I'm not a professional, so I cannot evaluate any particular technical risk as you asked. However, I feel that NASA should mitigate the programmatic risk of a failure by being more forthright about the possibility of a failure. The current message as understood by the public is "Artemis I will succeed". It should be made more clear that Artemis I is a test and it might go boom. The public would accept that. In fact the public likes things that have a risk of going boom, like stock car races, as long as the risk is stated in advance.One specific example is the SRB pull date. NASA should be explicit here, and state that the SRBs are past due. They will almost certainly work, but NASA has chosen to accept the risk because it's cheaper to lose the mission (and thereby gain valuable information) than it would be to scrub the mission and de-stack. I think the public will accept this if it is publicized before the mission.
The long stack time of the SRBs is really the only glaring thing that seems to be an obvious potential problem right now, and I think that's attributable to NASA being willing to take more risks on an uncrewed test flight than they would with people on board.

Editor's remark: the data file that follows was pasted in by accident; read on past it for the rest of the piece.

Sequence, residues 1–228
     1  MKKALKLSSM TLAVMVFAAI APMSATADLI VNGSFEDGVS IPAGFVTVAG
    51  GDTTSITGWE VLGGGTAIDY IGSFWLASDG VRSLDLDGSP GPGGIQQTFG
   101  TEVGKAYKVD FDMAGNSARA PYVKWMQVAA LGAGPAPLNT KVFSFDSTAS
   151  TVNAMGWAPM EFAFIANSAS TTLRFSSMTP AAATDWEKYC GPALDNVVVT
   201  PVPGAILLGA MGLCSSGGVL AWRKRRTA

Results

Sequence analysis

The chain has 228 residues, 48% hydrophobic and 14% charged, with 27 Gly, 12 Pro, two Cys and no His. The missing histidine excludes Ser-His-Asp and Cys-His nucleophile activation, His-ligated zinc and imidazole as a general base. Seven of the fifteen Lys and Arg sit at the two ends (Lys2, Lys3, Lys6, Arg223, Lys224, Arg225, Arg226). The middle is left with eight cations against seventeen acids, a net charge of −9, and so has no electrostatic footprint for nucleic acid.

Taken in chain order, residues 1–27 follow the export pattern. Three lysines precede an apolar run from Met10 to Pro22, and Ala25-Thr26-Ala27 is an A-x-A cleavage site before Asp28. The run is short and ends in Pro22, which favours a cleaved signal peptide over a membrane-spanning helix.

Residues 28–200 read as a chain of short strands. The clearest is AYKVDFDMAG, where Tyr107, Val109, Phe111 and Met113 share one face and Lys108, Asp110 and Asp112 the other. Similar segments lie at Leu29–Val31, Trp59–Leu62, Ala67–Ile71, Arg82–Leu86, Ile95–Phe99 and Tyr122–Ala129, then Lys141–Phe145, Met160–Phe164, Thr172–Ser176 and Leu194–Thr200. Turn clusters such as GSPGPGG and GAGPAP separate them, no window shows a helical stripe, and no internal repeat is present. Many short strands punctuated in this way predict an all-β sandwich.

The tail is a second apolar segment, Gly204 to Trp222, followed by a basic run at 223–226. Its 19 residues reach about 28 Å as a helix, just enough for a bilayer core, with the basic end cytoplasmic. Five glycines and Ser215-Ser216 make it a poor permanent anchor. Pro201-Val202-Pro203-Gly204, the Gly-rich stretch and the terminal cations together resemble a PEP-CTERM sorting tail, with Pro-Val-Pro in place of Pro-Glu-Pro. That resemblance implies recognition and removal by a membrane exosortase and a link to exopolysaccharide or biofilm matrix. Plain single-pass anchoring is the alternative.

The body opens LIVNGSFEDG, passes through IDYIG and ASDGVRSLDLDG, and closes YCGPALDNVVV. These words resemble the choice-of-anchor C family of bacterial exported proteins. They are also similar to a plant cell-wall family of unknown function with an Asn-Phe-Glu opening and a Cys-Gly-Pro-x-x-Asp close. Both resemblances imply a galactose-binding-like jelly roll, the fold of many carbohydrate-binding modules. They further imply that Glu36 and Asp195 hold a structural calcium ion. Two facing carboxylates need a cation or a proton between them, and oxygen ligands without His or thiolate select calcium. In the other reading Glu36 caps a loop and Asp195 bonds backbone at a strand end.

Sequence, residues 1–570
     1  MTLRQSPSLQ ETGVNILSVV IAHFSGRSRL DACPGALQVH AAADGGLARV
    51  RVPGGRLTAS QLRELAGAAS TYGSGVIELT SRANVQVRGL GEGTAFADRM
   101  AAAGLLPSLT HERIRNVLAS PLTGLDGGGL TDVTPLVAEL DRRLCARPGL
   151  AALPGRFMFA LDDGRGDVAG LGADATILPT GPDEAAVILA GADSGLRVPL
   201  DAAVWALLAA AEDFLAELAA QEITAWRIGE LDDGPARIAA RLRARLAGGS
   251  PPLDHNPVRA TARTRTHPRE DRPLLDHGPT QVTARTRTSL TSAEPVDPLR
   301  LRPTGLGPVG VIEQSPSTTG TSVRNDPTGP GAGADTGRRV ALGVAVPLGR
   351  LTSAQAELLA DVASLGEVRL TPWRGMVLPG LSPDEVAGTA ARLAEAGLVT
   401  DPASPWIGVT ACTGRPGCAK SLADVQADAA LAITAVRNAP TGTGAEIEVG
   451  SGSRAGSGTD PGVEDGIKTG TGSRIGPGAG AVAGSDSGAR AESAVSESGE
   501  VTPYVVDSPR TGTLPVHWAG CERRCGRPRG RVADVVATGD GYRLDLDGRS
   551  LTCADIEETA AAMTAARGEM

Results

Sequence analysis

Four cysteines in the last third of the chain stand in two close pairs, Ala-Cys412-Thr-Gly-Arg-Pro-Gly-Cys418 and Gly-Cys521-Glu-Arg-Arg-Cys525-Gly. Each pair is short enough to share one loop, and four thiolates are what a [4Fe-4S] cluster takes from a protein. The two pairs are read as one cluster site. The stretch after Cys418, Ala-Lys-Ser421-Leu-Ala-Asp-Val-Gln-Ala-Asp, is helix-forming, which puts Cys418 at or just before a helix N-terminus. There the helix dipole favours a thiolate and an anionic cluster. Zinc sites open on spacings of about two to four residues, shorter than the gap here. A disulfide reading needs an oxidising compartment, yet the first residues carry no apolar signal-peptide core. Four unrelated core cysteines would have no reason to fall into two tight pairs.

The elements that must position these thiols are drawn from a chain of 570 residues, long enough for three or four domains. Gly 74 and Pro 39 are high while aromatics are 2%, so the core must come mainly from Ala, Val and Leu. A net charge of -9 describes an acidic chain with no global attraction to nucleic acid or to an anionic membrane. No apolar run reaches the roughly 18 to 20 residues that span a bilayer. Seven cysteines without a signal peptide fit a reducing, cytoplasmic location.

Quote from: whitelancer64 on 05/03/2022 03:52 pmThe long stack time of the SRBs is really the only glaring thing that seems to be an obvious potential problem right now, and I think that's attributable to NASA being willing to take more risks on an uncrewed test flight than they would with people on board. My uninformed guess agrees with your professional opinion. Why don't they say so?
Vibrations, electronics, solder joints and trace continuity. The Orion program has a history with cracked traces in vibration testing. The SLS #4 engine controller that stopped working was attributed to a solder joint. If I were to guess why Artemis-1 might go badly wrong during ascent, it would be something like that. It's a particularly violent ride on the SRBs for untold millions of tiny electrical conductors.
Comparing Starship failure rates to SLS is like comparing two completely different systems. Starship may turn out to have the highest failure rate of any launch vehicle of all time. Chances Starship fails on the next flight are very very high. In fact, makes you wonder if Starship is just designed to fail - as if to say, if we couldnít make our stuff work, then the other stuff surely wouldnít work. Seen this play out as a marketing trick in the industry during the 90s.But SLS has tremendous heritage. It will be highly successful.
I would say 50-50 for the inaugural flight, including all possible "launch vehicle failures" during ascent, including orbit shortfalls, etc.